Tonight the two day old Moon will appear near Saturn. The ringed planet will appear to the left and a bit below the thin crescent Moon before they set about an hour later. The approaching winter season and the resumption of standard time have dropped sunset to 5:09 in the Interlochen/Traverse City area. Our sunset will drop another 11 minutes before slowly recovering 19 days from now. Two to three hours later another sign of the approaching winter season will appear, as the constellation of the giant hunter Orion rises in the east. He is resplendent with his nearly vertical belt of three stars rising, framed to the left and right by the bright stars reddish Betelgeuse and bluish Rigel. He will dominate our evening skies until April.

The times given are for the Traverse City/Interlochen area of Michigan. They may be different for your location.

Addendum

Saturn and the Moon

The Moon and Saturn at 6 p.m. November 20, 2017. Created using Stellarium.

Orion rising

Finder chart for the rising Orion at 9 p.m., November 30, 2017. Created using Stellarium and GIMP.

11/15/2017 – Ephemeris – All the bright planets are visible for observers at both dusk and dawn

November 15, 2017 Comments off

Ephemeris for Wednesday, November 15th. The Sun will rise at 7:39. It’ll be up for 9 hours and 34 minutes, setting at 5:14. The Moon, 3 days before new, will rise at 5:32 tomorrow morning.

Let’s take our weekly look at the bright planets. Mercury is briefly visible in binoculars in the southwest in the evening, setting at 6:06 p.m., and will reach it’s greatest elongation from the Sun in 8 days. Saturn is sinking low in the southwestern sky. Saturn’s rings are still spectacular in telescopes, but since Saturn is so low in the sky the thick atmosphere makes Saturn fuzzy and seemingly to go in and out of focus. Saturn will set at 7:12 p.m. Tomorrow in the morning sky, Mars, heading away from the Sun will rise in the east at 4:16 a.m., Jupiter, also moving away from the Sun, will rise at in the east-southeast at 6:14, leaving Venus behind after their conjunction two days ago, which will rise at 6:30.

The times given are for the Traverse City/Interlochen area of Michigan. They may be different for your location.

Addendum

Evening Planets

Saturn and Mercury very low in the southwest at 6:45p.m. November 15, 2017. That’s about half an hour after sunset. Click on the image to enlarge. Created using Stellarium.

Tlescopic Saturn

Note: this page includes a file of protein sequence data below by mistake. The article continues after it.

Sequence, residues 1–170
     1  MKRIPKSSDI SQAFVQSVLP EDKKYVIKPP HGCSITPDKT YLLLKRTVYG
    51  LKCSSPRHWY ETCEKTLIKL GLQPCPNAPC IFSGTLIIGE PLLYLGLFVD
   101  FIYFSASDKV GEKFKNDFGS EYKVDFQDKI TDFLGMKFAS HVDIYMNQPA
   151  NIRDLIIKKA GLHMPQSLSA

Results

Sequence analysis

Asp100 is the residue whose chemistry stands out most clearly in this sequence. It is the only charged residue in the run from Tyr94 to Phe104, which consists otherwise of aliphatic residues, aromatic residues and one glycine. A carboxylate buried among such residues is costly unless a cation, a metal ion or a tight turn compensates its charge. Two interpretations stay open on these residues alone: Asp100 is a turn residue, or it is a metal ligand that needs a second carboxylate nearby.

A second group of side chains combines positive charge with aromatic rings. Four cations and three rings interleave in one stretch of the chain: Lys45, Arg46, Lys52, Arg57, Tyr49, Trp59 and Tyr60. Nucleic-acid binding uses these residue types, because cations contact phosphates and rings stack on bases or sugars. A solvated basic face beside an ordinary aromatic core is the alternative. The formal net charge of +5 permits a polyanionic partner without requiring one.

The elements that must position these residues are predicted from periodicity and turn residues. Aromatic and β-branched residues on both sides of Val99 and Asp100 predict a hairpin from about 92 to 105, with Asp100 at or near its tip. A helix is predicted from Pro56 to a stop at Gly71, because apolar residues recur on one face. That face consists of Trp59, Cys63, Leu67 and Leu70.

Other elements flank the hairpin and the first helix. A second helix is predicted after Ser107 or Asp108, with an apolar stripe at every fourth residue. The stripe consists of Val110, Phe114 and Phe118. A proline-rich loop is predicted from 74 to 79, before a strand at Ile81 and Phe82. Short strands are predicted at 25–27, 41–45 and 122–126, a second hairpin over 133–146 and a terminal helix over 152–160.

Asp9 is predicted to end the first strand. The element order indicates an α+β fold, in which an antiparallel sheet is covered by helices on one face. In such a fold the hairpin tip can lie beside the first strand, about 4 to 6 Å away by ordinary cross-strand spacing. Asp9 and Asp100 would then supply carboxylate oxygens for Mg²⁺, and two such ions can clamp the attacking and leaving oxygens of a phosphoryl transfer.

Saturn and its brightest moon Titan in the evening November 15, 2017. Created using Cartes du Ciel (Sky Charts).

Morning Planets

Mars Jupiter Venus and the Moon at 7 a.m., November 16, 2017. The Moon is actually a thin crescent as seen below. Created using Stellarium.

The Moon

The Moon as it might be seen in binoculars. This was created using Hallo Northern Sky. However it doesn’t show earth shine that should easily be seen in binoculars.

Planets and the Moon on a single night

Planets at sunset and sunrise of a single night starting with sunset on the right on November 15, 2017. The night ends on the left with sunrise on the 16th. Click on the image to enlarge. Created using my LookingUp program.

11/08/2017 – Ephemeris – Jupiter becomes visible in the morning (The bright planets this week)

November 8, 2017 1 comment

Ephemeris for Wednesday, November 8th. The Sun will rise at 7:30. It’ll be up for 9 hours and 51 minutes, setting at 5:21. The Moon, 2 days before last quarter, will rise at 9:52 this evening.

Let’s take our weekly look at the bright planets. Saturn is sinking low in the southwestern sky in the evening. Saturn’s rings are still spectacular in telescopes, but since Saturn is so low in the sky the turbulence of the thick atmosphere makes Saturn fuzzy and seemingly to go in and out of focus. Saturn will set at 7:37 p.m. Tomorrow in the morning sky, Mars, heading away from the Sun will rise in the east at 4:20 a.m., Venus, is heading closer to the Sun, will rise at 6:11 in the east-southeast. Jupiter is in the morning sky but lower than Venus, rising in the east-southeast at 6:33. Mercury has moved into the evening sky and will reach it’s greatest elongation from the Sun in 15 days, but will not be easily visible even then.

The times given are for the Traverse City/Interlochen area of Michigan. They may be different for your location.

Addendum

Evening Planets

Saturn with Mercury (unlabeled) at the horizon at 6 p.m., November 8, 2017. Click on the image to enlarge. Create using Stellarium.

Saturn and Titan

Saturn and its brightest moon Titan in the evening November 8, 2017. Created using Cartes du Ciel (Sky Charts).

Binocular Moon

The Moon as it might be seen in binoculars at 10:30 p.m., November 8, 2017. Created using Stellarium.

Morning planets

Mars, Venus and Jupiter at 7 a.m., November 9, 2017. Jupiter will come abreast of Venus on the morning of the 13th. when they will be less than the width of the Moon apart. Created using Stellarium.

Planets and the Moon on a single night

Planets at sunset and sunrise of a single night starting with sunset on the right on November 8, 2017. The night ends on the left with sunrise on the 9th. Click on the image to enlarge. Created using my LookingUp program.